The way I see it is that I have had years of either the pill or implant, awful hyperemisis during pregnancy and very painful joints from carrying a twin bump and stretchmarks , and an emergency C-section which I found very painful to recover from and lost a fair amount of blood.

I have done my bit! Seriously, I would never expect him to have anything done to his body that he wasn't happy with, but I very much think he can take responsibilty for this one.

noisytoys Sat 27-Jul-13 22:02:45

It's not a big deal that anyone has had permanent contraception. I was sterilised age 23 at the same time as a c section. Haven't regretted it for a minute and no one has said anything either way about it.

meditrina Sat 27-Jul-13 22:04:28

Perhaps they were more horrified by DH's (drunken) manner of announcing, rather than the actual issue?

Permanently removing the option of fertility is a biggie for either sex, and should only be done when absolutely sure it's the right option. And although vasectomy does not breach the abdomen as a tubal ligation needs to (though I think Essure goes transvaginally?), it's still surgery with potential for side effects.

wigglesrock Sat 27-Jul-13 22:09:28

Strangely we've been discussing it too, we have 3 kids. I'm almost 40 and my husband is in his early 40s and we don't want any more children.

I haven't discussed it with anyone and no one has ever commented really on our contraception methods smile . I've been asked a few times if I'm "going again to try and get a boy?" I've 3 girls but a quick fuck off usually deals with that smile

My dad had a vasectomy never ever go to a hen night with your Mother so I've never seen it as that big a deal.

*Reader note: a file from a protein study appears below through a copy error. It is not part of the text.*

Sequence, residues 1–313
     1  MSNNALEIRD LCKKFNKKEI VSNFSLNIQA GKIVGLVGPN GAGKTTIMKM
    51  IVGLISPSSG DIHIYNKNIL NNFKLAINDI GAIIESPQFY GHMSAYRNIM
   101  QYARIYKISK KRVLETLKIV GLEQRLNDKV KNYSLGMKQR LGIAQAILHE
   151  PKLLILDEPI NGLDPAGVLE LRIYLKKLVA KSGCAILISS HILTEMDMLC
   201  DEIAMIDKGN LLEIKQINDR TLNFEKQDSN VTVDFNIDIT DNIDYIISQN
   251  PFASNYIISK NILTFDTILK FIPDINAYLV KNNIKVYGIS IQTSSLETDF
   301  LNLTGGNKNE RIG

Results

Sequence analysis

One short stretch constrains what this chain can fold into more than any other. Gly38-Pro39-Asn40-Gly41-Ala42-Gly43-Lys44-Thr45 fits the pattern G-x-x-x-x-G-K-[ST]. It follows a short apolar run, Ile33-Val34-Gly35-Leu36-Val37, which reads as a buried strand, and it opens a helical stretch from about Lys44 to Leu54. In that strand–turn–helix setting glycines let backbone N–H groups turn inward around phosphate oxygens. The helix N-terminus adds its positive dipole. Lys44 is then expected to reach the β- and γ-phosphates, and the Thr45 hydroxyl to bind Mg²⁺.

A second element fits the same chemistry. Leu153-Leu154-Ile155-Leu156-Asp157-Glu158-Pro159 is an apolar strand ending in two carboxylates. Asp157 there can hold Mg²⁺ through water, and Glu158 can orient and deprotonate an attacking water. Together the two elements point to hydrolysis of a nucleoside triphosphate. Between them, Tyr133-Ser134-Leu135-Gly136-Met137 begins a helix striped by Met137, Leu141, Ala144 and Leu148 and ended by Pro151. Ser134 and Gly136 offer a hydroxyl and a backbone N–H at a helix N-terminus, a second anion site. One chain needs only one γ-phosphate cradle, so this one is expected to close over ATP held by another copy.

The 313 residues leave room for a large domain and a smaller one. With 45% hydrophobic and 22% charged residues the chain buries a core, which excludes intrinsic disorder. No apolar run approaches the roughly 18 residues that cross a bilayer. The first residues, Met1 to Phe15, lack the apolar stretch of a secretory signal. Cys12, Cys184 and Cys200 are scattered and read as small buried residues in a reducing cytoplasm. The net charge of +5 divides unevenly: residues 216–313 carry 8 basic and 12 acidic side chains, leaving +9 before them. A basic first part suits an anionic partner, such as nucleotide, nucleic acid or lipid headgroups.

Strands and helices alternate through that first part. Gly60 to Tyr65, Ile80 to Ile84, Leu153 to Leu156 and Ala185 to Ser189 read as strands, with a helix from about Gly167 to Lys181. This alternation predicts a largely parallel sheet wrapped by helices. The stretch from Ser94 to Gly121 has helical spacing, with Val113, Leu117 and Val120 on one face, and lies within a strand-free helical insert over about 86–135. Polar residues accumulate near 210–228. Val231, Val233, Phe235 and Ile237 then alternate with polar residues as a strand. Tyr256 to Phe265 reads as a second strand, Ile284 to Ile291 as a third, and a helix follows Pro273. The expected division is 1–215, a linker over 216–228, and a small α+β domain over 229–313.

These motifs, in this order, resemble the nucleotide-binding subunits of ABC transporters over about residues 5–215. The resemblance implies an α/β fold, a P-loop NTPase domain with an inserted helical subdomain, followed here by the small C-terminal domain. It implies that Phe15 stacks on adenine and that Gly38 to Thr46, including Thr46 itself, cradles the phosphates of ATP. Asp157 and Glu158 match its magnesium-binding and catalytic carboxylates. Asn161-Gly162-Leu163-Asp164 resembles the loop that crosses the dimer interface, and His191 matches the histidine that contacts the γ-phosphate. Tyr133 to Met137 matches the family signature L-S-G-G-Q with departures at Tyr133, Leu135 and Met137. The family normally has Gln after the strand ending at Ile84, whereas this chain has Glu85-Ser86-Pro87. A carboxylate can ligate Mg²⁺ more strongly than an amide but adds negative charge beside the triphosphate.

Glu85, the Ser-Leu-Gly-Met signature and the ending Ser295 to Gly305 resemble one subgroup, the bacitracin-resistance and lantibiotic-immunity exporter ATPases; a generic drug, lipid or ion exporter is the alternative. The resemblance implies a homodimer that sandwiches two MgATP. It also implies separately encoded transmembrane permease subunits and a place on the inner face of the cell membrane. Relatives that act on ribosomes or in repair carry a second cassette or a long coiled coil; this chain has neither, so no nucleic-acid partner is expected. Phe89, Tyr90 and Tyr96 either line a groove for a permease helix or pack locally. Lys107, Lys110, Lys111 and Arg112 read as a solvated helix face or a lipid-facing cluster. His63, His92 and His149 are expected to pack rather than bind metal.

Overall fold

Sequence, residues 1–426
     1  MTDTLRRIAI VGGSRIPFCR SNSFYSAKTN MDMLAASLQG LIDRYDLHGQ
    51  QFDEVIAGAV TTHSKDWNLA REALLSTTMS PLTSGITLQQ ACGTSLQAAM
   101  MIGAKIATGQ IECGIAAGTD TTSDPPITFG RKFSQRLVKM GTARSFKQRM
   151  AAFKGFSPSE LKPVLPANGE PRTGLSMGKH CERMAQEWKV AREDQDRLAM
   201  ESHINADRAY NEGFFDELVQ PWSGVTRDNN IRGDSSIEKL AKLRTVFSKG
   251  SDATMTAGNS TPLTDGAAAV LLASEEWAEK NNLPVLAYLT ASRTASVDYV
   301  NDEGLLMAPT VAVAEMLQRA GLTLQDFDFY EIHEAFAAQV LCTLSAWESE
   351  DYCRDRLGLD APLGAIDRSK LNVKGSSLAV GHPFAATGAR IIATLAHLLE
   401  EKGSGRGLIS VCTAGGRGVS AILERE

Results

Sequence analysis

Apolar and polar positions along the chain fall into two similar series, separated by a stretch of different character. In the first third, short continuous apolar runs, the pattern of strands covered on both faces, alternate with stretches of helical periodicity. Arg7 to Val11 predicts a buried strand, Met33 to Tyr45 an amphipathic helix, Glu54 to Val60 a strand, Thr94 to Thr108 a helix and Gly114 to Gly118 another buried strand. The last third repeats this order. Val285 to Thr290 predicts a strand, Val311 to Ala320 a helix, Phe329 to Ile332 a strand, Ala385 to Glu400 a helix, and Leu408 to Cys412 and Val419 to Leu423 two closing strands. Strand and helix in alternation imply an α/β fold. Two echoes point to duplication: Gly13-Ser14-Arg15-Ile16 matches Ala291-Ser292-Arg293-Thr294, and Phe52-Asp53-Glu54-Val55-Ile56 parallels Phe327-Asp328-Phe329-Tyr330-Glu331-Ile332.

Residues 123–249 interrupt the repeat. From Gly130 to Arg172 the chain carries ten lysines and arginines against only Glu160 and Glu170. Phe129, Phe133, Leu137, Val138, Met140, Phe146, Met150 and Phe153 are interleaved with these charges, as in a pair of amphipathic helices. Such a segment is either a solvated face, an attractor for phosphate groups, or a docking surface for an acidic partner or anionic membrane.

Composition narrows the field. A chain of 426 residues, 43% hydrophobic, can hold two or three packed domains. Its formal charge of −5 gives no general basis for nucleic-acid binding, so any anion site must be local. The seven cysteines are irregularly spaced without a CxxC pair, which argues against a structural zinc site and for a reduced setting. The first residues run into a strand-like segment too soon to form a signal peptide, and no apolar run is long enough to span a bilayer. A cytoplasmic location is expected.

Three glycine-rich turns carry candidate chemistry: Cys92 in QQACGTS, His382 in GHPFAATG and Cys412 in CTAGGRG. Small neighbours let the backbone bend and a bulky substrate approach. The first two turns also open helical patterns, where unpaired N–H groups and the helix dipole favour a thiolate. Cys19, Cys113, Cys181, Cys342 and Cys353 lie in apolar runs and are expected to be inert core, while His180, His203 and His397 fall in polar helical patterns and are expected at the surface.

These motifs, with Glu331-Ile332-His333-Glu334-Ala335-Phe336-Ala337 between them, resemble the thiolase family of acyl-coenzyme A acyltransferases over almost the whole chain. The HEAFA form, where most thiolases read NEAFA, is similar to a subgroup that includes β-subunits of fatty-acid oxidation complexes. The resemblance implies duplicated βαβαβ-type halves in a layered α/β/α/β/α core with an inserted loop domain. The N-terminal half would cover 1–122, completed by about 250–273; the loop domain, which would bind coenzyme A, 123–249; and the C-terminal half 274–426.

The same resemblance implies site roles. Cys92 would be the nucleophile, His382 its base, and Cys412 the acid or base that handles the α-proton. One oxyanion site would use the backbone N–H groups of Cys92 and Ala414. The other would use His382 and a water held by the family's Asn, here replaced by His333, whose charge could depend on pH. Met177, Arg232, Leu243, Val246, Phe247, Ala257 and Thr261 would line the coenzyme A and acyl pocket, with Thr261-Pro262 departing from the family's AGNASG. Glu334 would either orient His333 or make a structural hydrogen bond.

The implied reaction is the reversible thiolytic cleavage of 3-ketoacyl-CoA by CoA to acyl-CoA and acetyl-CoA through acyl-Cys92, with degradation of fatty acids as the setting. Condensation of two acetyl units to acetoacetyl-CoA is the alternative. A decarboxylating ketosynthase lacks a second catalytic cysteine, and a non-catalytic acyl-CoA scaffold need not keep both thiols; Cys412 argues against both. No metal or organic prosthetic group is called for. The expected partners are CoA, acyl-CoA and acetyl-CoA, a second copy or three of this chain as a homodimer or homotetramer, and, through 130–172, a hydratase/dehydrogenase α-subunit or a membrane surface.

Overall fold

floatyjosmum Sat 27-Jul-13 22:13:05

I was sterilised this week and spent most of my appointments convincing gp's, consultants and the nurse at the pre-op that it was what we wanted to do.

But it wasn't the fact that we were making a big final decision but that it was me rather than dh having it done. Health professionals def feel that there is less risk for the men and its much easier etc.

ubik Sat 27-Jul-13 22:13:24

DP had the snip a few months after DD3 was born, we were both 35 and didn't want anymore babies.

I had 3 c-sections so we decided it was his 'turn' to be fiddled about with. It turned out to be more invasive and traumatic than he expected; he had some pain down there fir a quite a few months afterwards. All fine now though.

On the whole it's been a good thing for us as we don't have to worry about contraception.

MairyHoles Sat 27-Jul-13 22:33:07

Several of my friends were shocked when my partner had a vasectomy, my gran actually told me I shouldn't have made him do it. I didn't! After our 3rd child, who was born by c section after 2 third degree tears, he drove himself to the doctor and requested it. I did make sure it was what he wanted and he didn't do it for me, everyone seemed to think that I was the driving force behind it and couldn't comprehend that HE wanted it. I was quite surprised that they asked him to confirm that he had discussed it with me before they did the procedure, they're his bollocks not mine!